On June 15, 24/7 Wall St. published their “24/7 Wall St. Ten Brands That Will Disappear in 2011” a report in which they identified some interesting brands that they expect will either be gone by the end of 2011, or whose parent company will be sold or go into Chapter 11. One of the brands singled out for doom is T-Mobile, the wireless company owned by the German telecom company Deutsche Telekom AG.
Using Experian Simmons DataStream, we were able to track the market share of T-Mobile versus AT&T and Verizon, which 24/7 Wall St. identifies as the only “two really successful firms.” Simmons DataStream confirms that for the past two years, T-Mobile’s market share has remained stagnant at less than half of AT&T’s or Verizon’s market share. As of May 17, 2010, 9.6% of the adult population were T-Mobile wireless subscribers, up slightly from 2008, but virtually unchanged in the last year. By comparison AT&T claims 22.4% of U.S. adults as their customers and Verizon collects subscriber fees from 25.7% of the nation’s adult population. Sprint-Nextel, a company that presents T-Mobile with more even competition, has the advantage of being ahead of T-Mobile in offering its customers speedier service.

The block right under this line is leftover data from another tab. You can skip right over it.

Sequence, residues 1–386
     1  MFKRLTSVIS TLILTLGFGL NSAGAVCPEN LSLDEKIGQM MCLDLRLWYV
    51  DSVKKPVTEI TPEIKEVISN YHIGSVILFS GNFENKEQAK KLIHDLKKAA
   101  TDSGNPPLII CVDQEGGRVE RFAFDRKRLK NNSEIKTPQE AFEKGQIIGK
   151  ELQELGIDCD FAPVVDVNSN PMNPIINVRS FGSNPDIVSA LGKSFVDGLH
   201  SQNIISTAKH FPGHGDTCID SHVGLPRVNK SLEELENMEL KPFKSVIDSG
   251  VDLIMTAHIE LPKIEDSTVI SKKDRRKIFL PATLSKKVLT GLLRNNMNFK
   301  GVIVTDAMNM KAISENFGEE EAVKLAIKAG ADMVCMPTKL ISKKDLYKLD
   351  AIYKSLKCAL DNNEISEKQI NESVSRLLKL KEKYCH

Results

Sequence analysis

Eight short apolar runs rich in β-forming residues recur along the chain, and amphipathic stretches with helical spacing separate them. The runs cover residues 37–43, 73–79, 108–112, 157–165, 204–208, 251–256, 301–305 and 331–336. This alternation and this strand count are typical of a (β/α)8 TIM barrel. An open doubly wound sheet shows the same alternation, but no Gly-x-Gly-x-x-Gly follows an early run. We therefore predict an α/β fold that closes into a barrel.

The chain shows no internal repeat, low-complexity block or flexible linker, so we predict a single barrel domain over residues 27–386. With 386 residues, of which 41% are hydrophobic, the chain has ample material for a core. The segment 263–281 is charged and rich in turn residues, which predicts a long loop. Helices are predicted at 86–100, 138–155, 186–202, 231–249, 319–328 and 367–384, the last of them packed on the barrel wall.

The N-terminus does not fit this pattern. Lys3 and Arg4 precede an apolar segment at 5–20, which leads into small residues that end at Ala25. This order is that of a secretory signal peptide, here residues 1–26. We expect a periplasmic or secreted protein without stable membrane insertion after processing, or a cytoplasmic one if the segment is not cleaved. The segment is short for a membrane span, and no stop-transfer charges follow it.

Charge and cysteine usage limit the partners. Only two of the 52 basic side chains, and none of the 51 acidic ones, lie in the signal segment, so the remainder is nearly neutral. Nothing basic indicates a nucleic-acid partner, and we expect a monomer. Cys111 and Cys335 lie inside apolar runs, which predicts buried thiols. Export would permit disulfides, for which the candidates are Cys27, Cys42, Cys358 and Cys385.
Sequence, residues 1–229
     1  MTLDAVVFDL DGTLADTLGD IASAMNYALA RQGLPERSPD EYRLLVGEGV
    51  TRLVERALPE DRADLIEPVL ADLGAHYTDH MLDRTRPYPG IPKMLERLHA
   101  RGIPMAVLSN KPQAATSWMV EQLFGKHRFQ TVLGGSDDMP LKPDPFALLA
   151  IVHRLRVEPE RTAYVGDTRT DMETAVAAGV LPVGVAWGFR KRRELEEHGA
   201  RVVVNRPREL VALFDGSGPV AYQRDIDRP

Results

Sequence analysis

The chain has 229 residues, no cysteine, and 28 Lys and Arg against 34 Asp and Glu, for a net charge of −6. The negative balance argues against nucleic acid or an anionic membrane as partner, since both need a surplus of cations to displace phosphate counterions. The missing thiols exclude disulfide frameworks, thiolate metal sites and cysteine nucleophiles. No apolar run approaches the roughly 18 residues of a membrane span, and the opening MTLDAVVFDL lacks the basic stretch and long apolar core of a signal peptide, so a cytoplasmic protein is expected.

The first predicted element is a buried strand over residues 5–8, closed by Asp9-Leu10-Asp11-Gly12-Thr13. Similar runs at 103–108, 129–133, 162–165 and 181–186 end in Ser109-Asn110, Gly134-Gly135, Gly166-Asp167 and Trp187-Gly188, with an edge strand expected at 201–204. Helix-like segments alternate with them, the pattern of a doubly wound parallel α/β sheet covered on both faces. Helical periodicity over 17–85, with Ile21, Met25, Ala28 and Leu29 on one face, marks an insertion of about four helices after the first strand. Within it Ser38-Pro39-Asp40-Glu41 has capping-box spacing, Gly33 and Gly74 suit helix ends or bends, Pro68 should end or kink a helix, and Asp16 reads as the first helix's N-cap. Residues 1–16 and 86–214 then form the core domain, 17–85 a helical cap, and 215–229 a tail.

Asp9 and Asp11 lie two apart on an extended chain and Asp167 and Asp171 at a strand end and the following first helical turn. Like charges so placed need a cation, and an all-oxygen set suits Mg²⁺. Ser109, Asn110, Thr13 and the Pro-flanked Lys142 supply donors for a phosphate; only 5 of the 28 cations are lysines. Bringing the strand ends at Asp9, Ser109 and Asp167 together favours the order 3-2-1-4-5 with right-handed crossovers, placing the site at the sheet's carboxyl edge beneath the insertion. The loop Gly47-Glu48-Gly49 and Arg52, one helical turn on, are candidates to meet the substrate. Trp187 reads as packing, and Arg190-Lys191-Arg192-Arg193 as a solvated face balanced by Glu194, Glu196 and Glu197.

24/7 Wall St. mentions talks of a merger between T-Mobile and Sprint-Nextel, which combined would have a customer base on par with AT&T and Verizon. Even if the merger takes place and Deutsche Telekom becomse the owner of the combined operation, T-Mobile, 24/7 Wall St. reports, “has little brand equity in the U.S.,” suggesting the parent company may not object to disconnecting from the T-Mobile brand.